This volume focuses on the closely allied yet differing linguistic varieties of Birmingham and its immediate neighbour to the west, the industrial heartland of the Black Country. Both of these areas rose to economic prominence and success during the Industrial Revolution, and both have suffered economically and socially as a result of post-war industrial decline. The industrial heritage of both areas has meant that tight knit and socially homogeneous individual areas in each region have demonstrated in many respects little linguistic change over time, and have continued to exhibit linguistic features, especially morphological constructions, peculiar to these areas or now restricted to these areas.
At the same time, immigration from other areas of the British Isles over time, from Commonwealth countries and later from EU member states, together with increased social mobility, have meant that newly developing structures and more widespread UK linguistic phenomena have spread into these varieties. This volume provides a clear description of the structure of the linguistic varieties spoken in the two areas.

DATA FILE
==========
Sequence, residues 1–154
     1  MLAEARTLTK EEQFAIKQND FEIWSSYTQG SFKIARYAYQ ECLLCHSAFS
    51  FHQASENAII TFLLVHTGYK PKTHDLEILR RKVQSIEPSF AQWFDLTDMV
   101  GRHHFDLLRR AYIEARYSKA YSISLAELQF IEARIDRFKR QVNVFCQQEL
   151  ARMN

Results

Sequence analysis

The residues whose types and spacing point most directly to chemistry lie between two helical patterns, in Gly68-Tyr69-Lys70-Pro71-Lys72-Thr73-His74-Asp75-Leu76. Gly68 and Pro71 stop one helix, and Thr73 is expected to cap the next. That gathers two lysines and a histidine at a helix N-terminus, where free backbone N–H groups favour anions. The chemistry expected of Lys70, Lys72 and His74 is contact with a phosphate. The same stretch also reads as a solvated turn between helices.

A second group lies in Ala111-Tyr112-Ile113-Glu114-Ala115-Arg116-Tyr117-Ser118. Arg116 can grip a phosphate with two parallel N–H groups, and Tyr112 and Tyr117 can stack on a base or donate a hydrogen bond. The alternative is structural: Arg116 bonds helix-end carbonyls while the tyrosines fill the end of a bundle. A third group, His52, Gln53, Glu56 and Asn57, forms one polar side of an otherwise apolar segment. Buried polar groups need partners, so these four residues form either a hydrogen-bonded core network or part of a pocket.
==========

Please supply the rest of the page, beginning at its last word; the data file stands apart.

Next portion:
Following the structure of the Dialects of English volumes, it provides: - A comprehensive overview of the phonological, grammatical and lexical structure of both varieties, as well as similarities between the two varieties and distinguishing features. - Thorough discussion of the historical and social factors behind the development of the varieties and the stigma attached to these varieties. - Discussion of the unusual situation of the Black Country as an area undefined in geographical and administrative terms, existing only in the imagination. - Examples of the variety from native speakers of differing ethnicities, ages and genders. - An annotated bibliography for further consultation.
This book is available in North America from Columbia University Press.